Is Addiction Really a Disease? Understanding the Science Behind Addiction
If you suffer from a substance addiction or know someone who does, you’re not alone. In fact, over twenty million Americans suffer from substance abuse disorders in the United States.
But is addiction really a disease? Or are some people just prone to bad decisions and destructive behavior?
Thankfully, there is scientific research that can answer these questions. Are you curious to learn more?
Keep reading. We have tons of information about addiction and the best kind of treatment available. Let’s dive in.
The History of Treatment for Addiction
Let’s start at the beginning. People have abused drugs for hundreds of years.
And during this time period, the attitude toward treatment has changed drastically. After all, it wasn’t until the 1930’s that people began to think of addiction as more than just a weakness or moral failing.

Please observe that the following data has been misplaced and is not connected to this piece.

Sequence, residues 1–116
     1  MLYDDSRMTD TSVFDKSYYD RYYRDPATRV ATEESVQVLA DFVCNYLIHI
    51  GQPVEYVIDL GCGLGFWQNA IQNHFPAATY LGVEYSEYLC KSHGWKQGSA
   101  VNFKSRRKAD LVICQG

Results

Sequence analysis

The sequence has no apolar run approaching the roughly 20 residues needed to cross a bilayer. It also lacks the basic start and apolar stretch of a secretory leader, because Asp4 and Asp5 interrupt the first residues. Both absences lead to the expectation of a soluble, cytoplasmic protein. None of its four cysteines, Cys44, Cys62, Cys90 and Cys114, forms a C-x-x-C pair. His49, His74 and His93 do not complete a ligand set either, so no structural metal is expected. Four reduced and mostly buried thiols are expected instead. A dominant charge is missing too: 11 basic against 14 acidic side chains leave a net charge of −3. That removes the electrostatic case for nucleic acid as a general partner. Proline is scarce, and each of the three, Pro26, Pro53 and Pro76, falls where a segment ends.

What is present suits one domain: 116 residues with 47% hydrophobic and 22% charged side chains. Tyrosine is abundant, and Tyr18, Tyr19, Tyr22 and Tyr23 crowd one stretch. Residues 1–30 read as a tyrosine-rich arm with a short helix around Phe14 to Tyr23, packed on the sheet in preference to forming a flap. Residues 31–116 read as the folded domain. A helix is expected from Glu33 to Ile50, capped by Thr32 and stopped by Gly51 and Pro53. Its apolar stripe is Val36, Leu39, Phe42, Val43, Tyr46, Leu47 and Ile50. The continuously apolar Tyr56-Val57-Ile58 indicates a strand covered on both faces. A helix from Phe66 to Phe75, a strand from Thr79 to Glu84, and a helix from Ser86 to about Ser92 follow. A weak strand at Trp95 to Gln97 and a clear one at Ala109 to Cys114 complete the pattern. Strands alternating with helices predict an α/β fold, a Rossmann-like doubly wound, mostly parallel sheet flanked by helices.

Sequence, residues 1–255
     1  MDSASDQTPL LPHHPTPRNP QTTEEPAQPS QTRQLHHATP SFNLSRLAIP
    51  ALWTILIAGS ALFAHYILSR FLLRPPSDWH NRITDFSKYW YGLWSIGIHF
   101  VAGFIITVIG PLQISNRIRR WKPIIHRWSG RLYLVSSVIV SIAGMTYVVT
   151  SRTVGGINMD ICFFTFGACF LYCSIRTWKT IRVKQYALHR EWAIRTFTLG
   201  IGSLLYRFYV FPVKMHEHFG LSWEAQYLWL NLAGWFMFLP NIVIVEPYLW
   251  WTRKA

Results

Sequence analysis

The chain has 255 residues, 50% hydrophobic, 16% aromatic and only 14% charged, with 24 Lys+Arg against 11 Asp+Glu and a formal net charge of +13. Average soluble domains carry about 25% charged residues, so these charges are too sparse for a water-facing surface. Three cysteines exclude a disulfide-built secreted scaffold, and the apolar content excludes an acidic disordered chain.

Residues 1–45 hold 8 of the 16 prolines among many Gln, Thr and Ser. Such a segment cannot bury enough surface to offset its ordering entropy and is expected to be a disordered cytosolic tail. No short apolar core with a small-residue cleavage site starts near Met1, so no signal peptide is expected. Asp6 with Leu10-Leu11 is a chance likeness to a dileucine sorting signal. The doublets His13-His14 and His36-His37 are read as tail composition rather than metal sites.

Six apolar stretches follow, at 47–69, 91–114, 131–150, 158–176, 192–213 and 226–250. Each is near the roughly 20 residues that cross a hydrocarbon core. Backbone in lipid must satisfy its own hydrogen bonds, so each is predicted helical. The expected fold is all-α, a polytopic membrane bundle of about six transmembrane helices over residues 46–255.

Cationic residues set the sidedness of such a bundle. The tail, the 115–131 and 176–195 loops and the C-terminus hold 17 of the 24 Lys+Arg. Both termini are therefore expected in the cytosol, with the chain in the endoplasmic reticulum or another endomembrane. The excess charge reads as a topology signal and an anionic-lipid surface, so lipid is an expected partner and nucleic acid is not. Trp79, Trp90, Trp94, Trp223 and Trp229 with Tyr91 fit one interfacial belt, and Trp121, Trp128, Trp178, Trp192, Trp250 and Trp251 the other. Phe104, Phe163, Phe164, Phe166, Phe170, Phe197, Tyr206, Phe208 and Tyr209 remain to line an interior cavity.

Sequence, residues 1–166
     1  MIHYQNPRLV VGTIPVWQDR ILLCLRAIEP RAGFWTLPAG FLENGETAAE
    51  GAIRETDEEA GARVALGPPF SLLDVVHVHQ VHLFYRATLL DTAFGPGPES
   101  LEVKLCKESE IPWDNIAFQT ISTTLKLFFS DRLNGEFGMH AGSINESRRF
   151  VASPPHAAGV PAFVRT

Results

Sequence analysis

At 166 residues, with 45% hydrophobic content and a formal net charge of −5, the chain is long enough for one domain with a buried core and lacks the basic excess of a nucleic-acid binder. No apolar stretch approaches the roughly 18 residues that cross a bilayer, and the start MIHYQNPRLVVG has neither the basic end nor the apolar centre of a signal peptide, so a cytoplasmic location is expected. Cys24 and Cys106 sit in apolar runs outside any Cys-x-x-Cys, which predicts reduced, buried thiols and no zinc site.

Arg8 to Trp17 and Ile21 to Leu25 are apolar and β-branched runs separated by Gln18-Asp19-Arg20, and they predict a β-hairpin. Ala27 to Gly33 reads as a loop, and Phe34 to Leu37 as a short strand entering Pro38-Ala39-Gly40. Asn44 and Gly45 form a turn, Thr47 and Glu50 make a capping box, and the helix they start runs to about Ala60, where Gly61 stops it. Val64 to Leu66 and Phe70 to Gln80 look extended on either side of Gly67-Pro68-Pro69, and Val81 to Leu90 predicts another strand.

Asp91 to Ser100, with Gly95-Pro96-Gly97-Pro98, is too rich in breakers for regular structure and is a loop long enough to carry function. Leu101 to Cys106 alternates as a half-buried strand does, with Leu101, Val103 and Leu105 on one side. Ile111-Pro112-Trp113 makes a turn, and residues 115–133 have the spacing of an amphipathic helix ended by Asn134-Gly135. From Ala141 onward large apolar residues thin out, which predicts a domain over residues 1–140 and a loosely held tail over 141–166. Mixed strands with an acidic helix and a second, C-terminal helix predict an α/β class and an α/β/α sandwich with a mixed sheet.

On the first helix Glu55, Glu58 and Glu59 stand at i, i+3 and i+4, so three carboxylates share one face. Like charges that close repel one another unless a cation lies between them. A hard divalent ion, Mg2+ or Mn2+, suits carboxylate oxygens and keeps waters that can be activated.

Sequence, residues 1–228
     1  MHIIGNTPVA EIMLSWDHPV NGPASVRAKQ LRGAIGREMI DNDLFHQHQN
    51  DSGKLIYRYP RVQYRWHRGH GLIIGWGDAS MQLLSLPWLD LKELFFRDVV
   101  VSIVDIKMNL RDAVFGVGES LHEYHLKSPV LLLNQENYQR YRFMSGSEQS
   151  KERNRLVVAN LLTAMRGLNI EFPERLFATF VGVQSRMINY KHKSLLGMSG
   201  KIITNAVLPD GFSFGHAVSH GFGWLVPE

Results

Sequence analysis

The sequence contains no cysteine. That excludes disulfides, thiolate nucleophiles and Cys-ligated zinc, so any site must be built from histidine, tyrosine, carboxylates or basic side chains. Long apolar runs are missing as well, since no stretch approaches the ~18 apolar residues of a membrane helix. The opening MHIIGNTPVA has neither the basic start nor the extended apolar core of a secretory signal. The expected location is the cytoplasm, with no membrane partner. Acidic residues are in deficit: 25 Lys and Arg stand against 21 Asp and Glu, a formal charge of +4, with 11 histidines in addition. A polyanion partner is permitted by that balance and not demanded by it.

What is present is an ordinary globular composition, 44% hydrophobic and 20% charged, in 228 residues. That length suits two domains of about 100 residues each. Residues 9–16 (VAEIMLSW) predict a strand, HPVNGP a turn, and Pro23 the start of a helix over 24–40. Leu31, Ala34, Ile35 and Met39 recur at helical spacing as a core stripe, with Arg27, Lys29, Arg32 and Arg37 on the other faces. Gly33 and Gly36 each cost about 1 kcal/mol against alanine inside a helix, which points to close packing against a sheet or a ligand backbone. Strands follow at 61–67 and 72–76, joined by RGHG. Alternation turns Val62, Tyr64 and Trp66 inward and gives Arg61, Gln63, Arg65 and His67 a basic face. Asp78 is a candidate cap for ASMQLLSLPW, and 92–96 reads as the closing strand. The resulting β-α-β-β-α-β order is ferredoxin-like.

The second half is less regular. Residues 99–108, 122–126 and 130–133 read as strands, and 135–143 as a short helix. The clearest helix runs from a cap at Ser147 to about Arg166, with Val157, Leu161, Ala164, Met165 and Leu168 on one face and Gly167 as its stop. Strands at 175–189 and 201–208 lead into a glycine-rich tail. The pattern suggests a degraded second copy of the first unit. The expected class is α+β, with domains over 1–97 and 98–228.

Before then, treatment often involved the addict being forced into imprisonment at an asylum or penitentiary. Of course, these “treatment” methods were both inhumane and ineffective.
When scientists began to study addiction and addictive behavior more in-depth, their opinion changed. Treatments shifted from punishment-based programs to more supportive, helpful solutions. And, slowly but surely, the public opinion changed, too.
However, some people still view addiction as a moral issue. To clear things up, let’s dive deeper into the scientific research behind addiction.
The Science Behind Addiction